I joined LinkedIn years ago when it first launched, but then deleted my account because I made the mistake of accepting a connection request from someone I knew only vaguely through a few e-mail exchanges. Because of that decision, I started accepting similar connection requests. Often these were from people on LinkedIn with hundreds of connections. Then I started receiving requests which were passed down through my connection links for favours -- either referrals or information or requests for me to suggest where they should send their manuscripts. At that point, I realized that I had made a mistake in accepting that first connection to someone I didn't really know. The purpose of LinkedIn, after all, is to establish a network of trusted business contacts. After I quit LinkedIn, I kept hearing good things from some of my friends and work associates about LinkedIn, about how they were using it and how much it was helping them. I decided to give LinkedIn another chance, but this time I added the following warning in my profile:
PLEASE NOTE: I only link to people with whom I have worked or know personally (e.g. have had at least one meaningful conversation). A single e-mail exchange, being members of the same LinkedIn group, and being a Facebook/Twitter friend is not enough for me to add you to my network, nor is just being familiar with each other's blogs. Either we've met in person and know each other personally, or have had a longterm working relationship. Thanks for your understanding.I recently got a request from someone I've never met in person but with whom I had interacted a few times by e-mail. I declined and explained my reasons: that I hope she understood, but I always figure I should be able to explain each connection to anyone who wants a business referral for that person. Her response:
Actually, no. I don't understand. You didn't seem to mind the free publicity you got for the [--deleted by me--] site I set up for you, which took hours to create and also promote. I didn't get a thing out of it, personally or professionally. Now it's just too embarrassing for you to add me in case some idiot asks why you are connected to someone? Never mind. I get it. Thanks anyway.Ouch. I admit I was pretty baffled by the site she described. Also felt terrible...I had forgotten that this woman had offered to enable people to send each other some of my cartoons (Nanowrimo comics, maybe?) as greeting cards years ago, but at the time, I had assumed the architecture was already being used by the woman for other purposes -- had she really created an entire SITE just for me without asking anything in return?? How could I not have noticed, either through traffic or e-mails? As soon as I got this woman's message, I went searching to check but I can't find any reference to the site anymore. Whatever the case, I wish she had reminded me about our connection before sending me the second message above. :-( I've apologized and tried to follow up, but haven't yet received a response. But to those using LinkedIn right now, I'm curious. Have you ever declined a LinkedIn invite? Do you have any policies for what kind of connections you will and will not accept?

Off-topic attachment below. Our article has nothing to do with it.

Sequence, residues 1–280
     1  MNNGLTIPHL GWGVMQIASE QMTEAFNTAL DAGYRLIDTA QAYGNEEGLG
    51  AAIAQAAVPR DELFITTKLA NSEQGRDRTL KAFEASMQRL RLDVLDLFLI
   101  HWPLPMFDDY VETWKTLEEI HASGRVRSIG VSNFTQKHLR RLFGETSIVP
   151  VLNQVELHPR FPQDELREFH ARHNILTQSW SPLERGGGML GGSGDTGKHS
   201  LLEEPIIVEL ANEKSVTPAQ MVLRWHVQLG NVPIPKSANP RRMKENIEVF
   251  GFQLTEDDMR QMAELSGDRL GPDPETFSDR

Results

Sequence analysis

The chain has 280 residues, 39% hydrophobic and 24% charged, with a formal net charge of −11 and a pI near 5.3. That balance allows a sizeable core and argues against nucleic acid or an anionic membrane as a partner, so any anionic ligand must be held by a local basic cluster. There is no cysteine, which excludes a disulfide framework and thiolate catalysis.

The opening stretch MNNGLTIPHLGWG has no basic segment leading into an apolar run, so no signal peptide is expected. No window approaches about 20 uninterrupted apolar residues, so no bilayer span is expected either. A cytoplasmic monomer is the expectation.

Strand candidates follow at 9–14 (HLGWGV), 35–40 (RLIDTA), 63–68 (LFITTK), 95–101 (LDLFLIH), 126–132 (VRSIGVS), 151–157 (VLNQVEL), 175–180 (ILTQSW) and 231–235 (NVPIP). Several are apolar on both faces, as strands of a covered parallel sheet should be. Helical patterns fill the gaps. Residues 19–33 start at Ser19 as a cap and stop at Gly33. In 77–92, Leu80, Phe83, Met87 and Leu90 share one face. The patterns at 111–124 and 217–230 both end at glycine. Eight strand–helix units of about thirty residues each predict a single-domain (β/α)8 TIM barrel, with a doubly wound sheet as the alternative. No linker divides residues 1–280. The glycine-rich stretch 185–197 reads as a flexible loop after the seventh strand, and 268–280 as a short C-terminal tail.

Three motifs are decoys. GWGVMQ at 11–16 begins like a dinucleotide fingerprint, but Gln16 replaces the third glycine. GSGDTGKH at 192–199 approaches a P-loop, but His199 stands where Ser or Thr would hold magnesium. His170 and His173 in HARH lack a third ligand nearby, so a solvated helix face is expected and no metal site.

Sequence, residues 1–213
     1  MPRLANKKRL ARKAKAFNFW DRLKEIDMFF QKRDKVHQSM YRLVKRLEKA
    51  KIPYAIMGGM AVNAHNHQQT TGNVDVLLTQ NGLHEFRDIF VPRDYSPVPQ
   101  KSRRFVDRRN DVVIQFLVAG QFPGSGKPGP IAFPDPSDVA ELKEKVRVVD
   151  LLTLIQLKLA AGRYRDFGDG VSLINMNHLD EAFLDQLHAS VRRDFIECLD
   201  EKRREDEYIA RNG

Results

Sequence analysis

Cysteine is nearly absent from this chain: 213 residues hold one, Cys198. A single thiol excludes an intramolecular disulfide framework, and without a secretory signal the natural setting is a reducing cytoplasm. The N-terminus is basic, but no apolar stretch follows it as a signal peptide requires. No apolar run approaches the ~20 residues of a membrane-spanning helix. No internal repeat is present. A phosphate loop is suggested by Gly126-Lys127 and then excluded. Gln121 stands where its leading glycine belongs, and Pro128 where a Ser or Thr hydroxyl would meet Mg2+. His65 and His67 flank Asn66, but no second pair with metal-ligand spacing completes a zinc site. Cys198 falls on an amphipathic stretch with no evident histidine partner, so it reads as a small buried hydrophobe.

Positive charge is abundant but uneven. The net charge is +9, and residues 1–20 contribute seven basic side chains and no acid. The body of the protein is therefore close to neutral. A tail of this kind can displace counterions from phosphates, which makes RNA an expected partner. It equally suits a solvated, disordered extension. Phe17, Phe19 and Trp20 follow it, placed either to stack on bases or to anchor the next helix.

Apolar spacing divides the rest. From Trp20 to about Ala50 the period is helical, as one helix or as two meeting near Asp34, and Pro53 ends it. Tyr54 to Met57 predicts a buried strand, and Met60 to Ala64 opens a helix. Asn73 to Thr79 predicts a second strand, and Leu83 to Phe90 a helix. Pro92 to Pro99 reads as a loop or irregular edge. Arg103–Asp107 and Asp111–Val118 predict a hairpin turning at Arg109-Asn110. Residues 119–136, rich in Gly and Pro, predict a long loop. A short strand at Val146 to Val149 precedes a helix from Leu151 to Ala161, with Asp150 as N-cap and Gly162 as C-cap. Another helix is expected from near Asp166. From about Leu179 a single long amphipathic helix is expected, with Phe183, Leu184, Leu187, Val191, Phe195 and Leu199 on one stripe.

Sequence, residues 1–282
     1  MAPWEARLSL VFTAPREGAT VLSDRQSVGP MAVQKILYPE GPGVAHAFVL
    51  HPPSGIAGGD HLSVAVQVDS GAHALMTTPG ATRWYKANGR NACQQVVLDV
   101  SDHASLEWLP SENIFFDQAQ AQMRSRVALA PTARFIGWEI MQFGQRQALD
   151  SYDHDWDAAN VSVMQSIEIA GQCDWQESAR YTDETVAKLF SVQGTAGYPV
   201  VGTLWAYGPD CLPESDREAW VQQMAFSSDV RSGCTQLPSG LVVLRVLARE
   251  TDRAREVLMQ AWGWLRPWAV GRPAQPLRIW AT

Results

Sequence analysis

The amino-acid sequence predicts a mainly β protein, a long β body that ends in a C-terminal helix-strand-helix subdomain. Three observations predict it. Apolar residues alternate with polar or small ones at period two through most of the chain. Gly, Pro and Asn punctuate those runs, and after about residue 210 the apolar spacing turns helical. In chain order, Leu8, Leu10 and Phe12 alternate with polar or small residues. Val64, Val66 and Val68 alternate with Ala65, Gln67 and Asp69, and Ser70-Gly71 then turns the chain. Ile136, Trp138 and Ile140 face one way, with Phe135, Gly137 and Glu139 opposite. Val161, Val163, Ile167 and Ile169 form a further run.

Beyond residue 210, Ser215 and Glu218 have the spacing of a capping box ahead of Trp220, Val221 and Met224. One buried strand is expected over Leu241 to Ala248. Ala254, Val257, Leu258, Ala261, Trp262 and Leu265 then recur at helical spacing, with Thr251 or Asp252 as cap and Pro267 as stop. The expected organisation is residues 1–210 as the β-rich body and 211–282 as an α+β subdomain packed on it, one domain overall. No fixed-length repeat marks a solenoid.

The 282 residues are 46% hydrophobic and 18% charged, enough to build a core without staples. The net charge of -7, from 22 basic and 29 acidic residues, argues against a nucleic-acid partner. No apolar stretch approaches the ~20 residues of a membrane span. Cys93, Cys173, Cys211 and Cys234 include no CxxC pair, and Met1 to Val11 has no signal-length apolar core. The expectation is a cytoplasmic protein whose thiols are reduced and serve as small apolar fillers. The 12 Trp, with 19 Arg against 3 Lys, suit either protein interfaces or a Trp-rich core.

I've been using voice-activated software from time to time, mainly when I'd like a break from long periods of intensive typing. I find voice dictation useful mainly for first drafts, not editing, but it's great to be able to "write" while I'm walking around in my office (my headphone/microphone set has a long cord). I use MacSpeech, which uses dictation technology from Nuance, the company that makes Naturally Speaking, voice dictation software for Windows. When I'm away from my laptop, I've started using Dragon Dictation for the iPhone (which is FREE right now) and I'm really impressed. The text in the screenshot above/left was dictated by me a few minutes ago, with no edits. You can dictate up to 20-30 seconds at a time, with the text accumulating on the iPhone screen. When you're finished, you can e-mail yourself the text or copy/paste it into the iPhone app of your choice. Like any voice-activated software, the transcription isn't always perfect, but it beats the heck out of trying to thumb-type text while you're walking or having to manually transcribe a recorded message later. You can read some reviews and find out more info here: Review: Dragon Dictation -- iPhone voice transcription by Dragon NaturallySpeaking MacRumors.com review Some useful tips for Dragon Dictation (be sure to read the comments section, too!) NOTE FOR THOSE NOT LIVING IN THE U.S.: At present, you can only buy Dragon Dictation for the iPhone from the U.S. iTunes store. Here are Apple's own instructions for how to create an iTunes App Store account without a credit card. Dragon Dictation for the iPhone is FREE for a limited time, so be sure to buy your copy soon!